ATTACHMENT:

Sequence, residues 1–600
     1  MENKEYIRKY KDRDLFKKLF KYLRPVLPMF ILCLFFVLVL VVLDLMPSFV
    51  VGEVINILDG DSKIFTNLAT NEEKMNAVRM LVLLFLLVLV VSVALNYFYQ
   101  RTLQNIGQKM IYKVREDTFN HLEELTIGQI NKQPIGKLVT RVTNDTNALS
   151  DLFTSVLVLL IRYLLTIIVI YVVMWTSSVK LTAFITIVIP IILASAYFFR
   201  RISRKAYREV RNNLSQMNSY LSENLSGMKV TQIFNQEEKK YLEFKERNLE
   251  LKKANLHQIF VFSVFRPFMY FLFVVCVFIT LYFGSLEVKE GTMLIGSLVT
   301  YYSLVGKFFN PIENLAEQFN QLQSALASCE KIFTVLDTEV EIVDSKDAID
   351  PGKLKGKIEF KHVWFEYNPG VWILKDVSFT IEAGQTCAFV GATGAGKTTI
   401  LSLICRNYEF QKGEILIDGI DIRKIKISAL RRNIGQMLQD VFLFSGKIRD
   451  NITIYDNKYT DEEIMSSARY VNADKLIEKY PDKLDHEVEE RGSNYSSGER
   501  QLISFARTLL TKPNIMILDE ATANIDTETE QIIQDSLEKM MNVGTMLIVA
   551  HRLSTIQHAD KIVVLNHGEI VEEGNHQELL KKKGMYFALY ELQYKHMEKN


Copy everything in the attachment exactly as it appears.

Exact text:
Sequence, residues 1–600
     1  MENKEYIRKY KDRDLFKKLF KYLRPVLPMF ILCLFFVLVL VVLDLMPSFV
    51  VGEVINILDG DSKIFTNLAT NEEKMNAVRM LVLLFLLVLV VSVALNYFYQ
   101  RTLQNIGQKM IYKVREDTFN HLEELTIGQI NKQPIGKLVT RVTNDTNALS
   151  DLFTSVLVLL IRYLLTIIVI YVVMWTSSVK LTAFITIVIP IILASAYFFR
   201  RISRKAYREV RNNLSQMNSY LSENLSGMKV TQIFNQEEKK YLEFKERNLE
   251  LKKANLHQIF VFSVFRPFMY FLFVVCVFIT LYFGSLEVKE GTMLIGSLVT
   301  YYSLVGKFFN PIENLAEQFN QLQSALASCE KIFTVLDTEV EIVDSKDAID
   351  PGKLKGKIEF KHVWFEYNPG VWILKDVSFT IEAGQTCAFV GATGAGKTTI
   401  LSLICRNYEF QKGEILIDGI DIRKIKISAL RRNIGQMLQD VFLFSGKIRD
   451  NITIYDNKYT DEEIMSSARY VNADKLIEKY PDKLDHEVEE RGSNYSSGER
   501  QLISFARTLL TKPNIMILDE ATANIDTETE QIIQDSLEKM MNVGTMLIVA
   551  HRLSTIQHAD KIVVLNHGEI VEEGNHQELL KKKGMYFALY ELQYKHMEKN